If the stock wiring is good (that model of bike isn't known for electrical issues with the headlights) I would jump the feed to the low beam. But use the high beam switch to trigger a relay. The relay draw is so minor it is irrelevant. While people tend to love relays to fix all kinds of problems (real and imaginary) I try to avoid using them needlessly. They are an electromechanical device that has both electrical things that can go wrong and mechanical things that can go wrong. I use them when needed, but avoid them when the gain can't be outweighed by the added complexity and additional failure points.
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  6. kellymac530

    kellymac530 motorcycle addict

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    On the BMW the Hi and Low beam have completely separate feed wires to the bulb. The switch just selects which wire gets the power. I just ran the low bulb direct to the bulb and then on/off switched the high beam.

    I also am not the worlds biggest fan of relays...seems like alot of stuff to just run low voltage wiring through. I usually runn good quality switches and fuse blocks with quality wiring and I have never had a problem. The Hi and Low still have the factory relay in place, I just routed the wires and switch differently.

    It seems to work great. So Far...:lol3
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  7. aardschok

    aardschok Fallout Rider

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    Volts don't matter much. Make sure your "quality" switch and wire is rated for the total Amps.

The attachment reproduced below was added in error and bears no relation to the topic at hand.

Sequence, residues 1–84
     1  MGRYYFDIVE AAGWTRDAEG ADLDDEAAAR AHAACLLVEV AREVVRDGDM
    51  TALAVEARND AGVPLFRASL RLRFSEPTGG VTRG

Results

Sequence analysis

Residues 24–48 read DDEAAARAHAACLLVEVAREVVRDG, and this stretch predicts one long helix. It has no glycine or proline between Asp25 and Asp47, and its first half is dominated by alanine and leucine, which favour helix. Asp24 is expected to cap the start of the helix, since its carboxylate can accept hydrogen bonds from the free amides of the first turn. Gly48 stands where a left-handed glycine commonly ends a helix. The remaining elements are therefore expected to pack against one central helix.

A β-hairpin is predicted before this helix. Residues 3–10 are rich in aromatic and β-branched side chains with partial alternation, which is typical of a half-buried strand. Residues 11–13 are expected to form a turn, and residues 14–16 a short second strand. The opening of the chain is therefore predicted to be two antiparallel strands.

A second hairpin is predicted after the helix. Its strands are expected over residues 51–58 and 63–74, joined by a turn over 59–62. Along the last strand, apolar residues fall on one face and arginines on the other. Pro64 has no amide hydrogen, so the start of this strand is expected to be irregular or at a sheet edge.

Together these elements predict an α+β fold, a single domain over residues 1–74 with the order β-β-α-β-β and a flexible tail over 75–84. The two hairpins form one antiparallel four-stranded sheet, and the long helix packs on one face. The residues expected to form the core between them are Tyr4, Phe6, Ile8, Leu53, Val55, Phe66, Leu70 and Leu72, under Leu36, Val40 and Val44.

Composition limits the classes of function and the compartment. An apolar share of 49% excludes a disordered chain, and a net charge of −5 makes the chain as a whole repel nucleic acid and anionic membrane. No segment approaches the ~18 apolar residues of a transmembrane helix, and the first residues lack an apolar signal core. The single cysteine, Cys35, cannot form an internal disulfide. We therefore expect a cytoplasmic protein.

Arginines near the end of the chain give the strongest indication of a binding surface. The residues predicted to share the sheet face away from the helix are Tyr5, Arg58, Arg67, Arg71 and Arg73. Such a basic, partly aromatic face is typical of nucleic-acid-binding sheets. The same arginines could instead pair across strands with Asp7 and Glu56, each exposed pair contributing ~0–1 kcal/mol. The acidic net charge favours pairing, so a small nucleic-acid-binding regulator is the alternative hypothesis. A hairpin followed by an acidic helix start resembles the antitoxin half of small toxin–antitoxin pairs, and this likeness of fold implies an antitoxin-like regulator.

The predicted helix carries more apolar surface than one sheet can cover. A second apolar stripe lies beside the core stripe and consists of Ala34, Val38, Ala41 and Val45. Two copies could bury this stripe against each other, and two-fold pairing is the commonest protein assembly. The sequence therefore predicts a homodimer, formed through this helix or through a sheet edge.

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  8. kellymac530

    kellymac530 motorcycle addict

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    It is all the OE BMW wiring. I am ok with what I have...seems great so far.
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  9. Motomedic

    Motomedic Over-caffienated Raconteur

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    I use relays, controlled by the OEM headlight wires from the switch for two reasons.

    One, so the headlight bulbs get as much voltage as possible, to maximize light output. A drop of 2 volts dims the light output by a noticeable amount. I forget the exact specs, but Google can help you with that if you're really interested in max output. Pre-relay voltage on my bike was around 11.5, post-relay shows battery voltage (or more accurately charging voltage) of 14.3 or so at the headlight connector. Much better.

    Two, as I use a high-power bulb (110/80 watts), the power draw doesn't go thru the switch. I can replace a relay in 5 minutes, and buy one at any auto parts place. My KTM switch would be way more of a PITA to replace, and no doubt made of gold for all the money KTM (Keeps Takin' Money :D) wants for its parts. By running relays, the switch only has to control a low-draw load, extending the life of the contacts.

    A two-relay system that would light both bulbs on high would be easy. Once again Google is your friend, but I'd start with a company called Eastern Beaver. :D
    #9